May 14 African American Historical Events

* Today in Black History – May 14 *

1867 – A riot occurs in Mobile, Alabama, after an African American
mass meeting. One African American and one white are

1885 – Erskine Henderson wins the Kentucky Derby riding Joe Cotton.
The horse’s trainer is another African American, Alex

1897 – Sidney Joseph Bechet is born in New Orleans, Louisiana. A
member of both Duke Ellington’s and Noble Sissle’s
orchestras, he will move to France and there will achieve
the greatest success of his career. He will be perhaps the
first notable jazz saxophonist. He will be the greatest
jazz soloist of the 1920s along with Louis Armstrong. He
will join the ancestors on May 14, 1959 after succumbing to
lung cancer. In 1968, he will be inducted into Down Beat
magazine’s Jazz Hall of Fame.

1898 – Arthur James ‘Zutty’ Singleton is born in Bunkie, Louisiana.
He will become a percussion musician and bandleader. He
will start as a drummer at the age of 15 and will work in
a variety of bands until he forms his own in 1920. He will
eventually make his way to Chicago and will become part of
the “Chicago School of Jazz.” He will be primarily
remembered for introducing sock cymbals and wire brushes
as percussion accessories. These innovations will place
him in demand as an accompanist for jazz greats like Louis
Armstrong, Fats Waller, Dizzy Gillespie, Jelly Roll Morton,
and Charlie Parker. He will perform primarily in New York
City from 1953 until 1970. He will join the ancestors on
July 14, 1975.

1906 – Ngwazi Hastings Kamuzu Banda is born near Kasungu, British
Central African Protectorate. Even though his official
birthdate is cited as 1906, many sources show his birth
date as 1898. He will become Malawi’s first prime minister
after independence in 1963. In 1966, he will elected
Malawi’s president in 1966. He will lead Malawi until
1994. He will join the ancestors in Johannesburg, South
Africa on November 25, 1997.

1913 – Clara Stanton Jones is born in St. Louis, Missouri. She
will become the first African American director of the
Detroit Public Library and the first African American
president of the American Library Association. She will
join the ancestors on September 30, 2012.

1943 – Tania Justina Leon is born in Havana, Cuba. She will become a
pianist, composer, and orchestral conductor. Her music
style will encompass Afro-Cuban rhythm and elements of
jazz and gospel. She will emigrate to the United States
in 1967 and in 1969 will join the Dance Theater of Harlem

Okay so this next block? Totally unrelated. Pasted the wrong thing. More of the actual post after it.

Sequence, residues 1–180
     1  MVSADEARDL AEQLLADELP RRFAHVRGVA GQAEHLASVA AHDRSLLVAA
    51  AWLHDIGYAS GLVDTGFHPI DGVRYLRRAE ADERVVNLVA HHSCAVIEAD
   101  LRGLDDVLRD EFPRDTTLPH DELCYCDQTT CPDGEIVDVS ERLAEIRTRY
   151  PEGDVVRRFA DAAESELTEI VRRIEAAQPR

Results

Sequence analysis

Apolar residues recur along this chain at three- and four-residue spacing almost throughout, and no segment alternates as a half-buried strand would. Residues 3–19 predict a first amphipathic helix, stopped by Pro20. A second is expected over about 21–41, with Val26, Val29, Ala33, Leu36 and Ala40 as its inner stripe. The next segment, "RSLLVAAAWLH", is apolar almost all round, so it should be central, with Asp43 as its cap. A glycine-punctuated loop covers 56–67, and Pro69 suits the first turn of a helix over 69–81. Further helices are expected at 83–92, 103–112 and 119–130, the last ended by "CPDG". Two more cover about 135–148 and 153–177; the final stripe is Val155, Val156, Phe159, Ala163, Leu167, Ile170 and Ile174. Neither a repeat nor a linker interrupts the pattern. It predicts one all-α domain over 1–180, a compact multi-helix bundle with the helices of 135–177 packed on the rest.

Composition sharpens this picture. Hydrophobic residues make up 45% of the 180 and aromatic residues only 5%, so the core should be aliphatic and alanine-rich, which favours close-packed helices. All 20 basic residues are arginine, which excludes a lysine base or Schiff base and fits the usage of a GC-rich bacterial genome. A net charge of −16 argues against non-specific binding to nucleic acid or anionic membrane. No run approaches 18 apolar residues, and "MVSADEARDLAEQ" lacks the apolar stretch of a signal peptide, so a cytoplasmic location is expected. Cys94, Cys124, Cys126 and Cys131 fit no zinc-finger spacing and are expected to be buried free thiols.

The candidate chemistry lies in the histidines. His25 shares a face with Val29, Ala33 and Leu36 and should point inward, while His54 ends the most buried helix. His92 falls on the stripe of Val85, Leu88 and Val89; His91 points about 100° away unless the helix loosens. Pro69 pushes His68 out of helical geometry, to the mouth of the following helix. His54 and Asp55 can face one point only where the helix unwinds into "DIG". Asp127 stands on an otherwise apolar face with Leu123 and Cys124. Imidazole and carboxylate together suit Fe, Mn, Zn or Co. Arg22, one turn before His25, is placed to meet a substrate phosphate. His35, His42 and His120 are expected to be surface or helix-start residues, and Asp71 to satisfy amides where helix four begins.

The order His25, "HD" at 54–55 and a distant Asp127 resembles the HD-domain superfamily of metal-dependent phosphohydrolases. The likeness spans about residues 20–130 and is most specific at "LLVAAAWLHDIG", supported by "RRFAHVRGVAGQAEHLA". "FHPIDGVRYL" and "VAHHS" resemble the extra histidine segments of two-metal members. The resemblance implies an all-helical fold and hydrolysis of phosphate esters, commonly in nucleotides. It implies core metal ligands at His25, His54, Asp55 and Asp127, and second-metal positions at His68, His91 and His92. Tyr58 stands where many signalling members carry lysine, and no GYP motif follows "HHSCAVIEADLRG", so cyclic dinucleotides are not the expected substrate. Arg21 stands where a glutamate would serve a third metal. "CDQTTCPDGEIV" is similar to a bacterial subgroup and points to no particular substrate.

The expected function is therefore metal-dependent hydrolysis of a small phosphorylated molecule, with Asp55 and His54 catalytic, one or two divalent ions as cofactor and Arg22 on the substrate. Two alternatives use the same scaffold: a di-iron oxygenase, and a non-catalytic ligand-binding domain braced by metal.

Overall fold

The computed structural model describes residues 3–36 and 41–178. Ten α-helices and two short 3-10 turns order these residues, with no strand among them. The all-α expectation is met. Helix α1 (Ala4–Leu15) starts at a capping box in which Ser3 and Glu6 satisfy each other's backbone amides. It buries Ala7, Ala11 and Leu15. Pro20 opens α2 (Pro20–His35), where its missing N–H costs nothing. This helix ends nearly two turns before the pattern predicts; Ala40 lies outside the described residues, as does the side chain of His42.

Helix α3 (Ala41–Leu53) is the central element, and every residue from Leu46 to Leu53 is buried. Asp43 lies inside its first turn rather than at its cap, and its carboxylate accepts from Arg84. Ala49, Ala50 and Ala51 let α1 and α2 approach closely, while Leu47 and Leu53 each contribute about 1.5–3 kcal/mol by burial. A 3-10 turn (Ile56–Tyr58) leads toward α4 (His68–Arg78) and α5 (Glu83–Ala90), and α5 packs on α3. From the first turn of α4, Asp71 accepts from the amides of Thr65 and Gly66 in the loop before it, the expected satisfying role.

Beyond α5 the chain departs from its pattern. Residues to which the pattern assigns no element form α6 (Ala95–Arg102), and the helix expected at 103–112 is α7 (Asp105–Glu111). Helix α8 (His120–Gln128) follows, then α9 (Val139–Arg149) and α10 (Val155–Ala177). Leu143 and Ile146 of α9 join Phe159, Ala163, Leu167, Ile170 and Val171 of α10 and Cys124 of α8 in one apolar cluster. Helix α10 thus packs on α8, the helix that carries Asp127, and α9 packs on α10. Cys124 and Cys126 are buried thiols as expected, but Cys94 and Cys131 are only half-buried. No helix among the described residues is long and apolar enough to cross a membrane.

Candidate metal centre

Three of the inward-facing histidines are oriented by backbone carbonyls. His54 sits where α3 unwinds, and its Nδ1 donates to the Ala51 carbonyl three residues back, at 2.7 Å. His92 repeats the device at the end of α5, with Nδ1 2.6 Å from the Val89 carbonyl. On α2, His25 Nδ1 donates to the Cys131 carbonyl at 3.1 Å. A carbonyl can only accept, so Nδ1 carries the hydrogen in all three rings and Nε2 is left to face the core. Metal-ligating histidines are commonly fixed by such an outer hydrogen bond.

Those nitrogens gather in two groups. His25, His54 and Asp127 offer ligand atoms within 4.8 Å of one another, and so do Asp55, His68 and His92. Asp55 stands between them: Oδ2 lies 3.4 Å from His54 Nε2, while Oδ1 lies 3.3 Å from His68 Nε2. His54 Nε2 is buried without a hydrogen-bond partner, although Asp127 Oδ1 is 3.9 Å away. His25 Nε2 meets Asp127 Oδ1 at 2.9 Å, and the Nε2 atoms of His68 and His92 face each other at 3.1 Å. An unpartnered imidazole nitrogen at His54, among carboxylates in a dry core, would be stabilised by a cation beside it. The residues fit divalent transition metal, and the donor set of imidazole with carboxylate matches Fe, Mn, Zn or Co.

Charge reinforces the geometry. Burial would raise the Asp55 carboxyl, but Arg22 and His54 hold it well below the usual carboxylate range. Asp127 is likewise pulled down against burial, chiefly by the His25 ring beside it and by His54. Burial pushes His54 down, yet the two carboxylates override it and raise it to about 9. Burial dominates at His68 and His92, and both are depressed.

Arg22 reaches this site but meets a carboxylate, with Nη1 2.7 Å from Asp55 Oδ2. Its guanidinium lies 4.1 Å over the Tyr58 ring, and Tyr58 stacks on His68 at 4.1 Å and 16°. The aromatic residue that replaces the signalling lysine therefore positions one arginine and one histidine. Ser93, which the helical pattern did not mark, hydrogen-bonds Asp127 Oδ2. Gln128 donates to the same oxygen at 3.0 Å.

as a pianist. She will later become the artistic director
of the troupe. Some her compositions for the Dance
Theater of Harlem will include “Tones,” “Beloved,” and
“Dougla.” She will debut as a conductor in 1971 and
starting in 1980 when she leaves the Dance Theater of
Harlem, will serve as guest conductor and composer with
orchestras in the United States and Europe. In 1993, she
will become an advisor to the New York Philharmonic
conductor, Kurt Masur on contemporary music.

1959 – Soprano saxophonist Sidney Joseph Bechet joins the
ancestors in Paris, France on his sixty second birthday
after succumbing to cancer.

1961 – A bus, with the first group of Freedom Riders, is bombed
and burned by segregationists outside Anniston, Alabama.
The group is attacked in Anniston and Birmingham.

1963 – Twenty-year-old Arthur Ashe becomes the first African
American to make the U.S. Davis Cup tennis team.

1966 – Georgia Douglas Johnson joins the ancestors in Washington,
DC at the age of 88. She was a poet and playwright. While
she never lived in Harlem, she is associated with the
Harlem Renaissance because her home was a regular oasis
for many of the writers of that literary movement. Her
home hosted writer workshops and discussion groups while
also being a place of lodging for those writers when they
visited Washington, DC. Her own poetry and plays were
very popular with African American audiences during the

1969 – John B. McLendon becomes the first African American coach
in the ABA when he signs a two-year contract with the
Denver Nuggets.

1970 – Two students are killed by police officers in a major
racial disturbance at Jackson State University in
Jackson, Mississippi.

1986 – Reggie Jackson hits his 537th home run passing Mickey
Mantle into 6th place of all time home run hitters.

1989 – Kirby Puckett becomes the first professional baseball
player since 1948 to hit 6 consecutive doubles.

1995 – Myrlie Evers-Williams (widow of Medgar Evers) is sworn in
to head the NAACP, pledging to lead the civil rights group
away from its recent troubles and restore it as a
political and social force.

Information retrieved from the Munirah Chronicle and is edited by Mr. Rene’ A. Perry.


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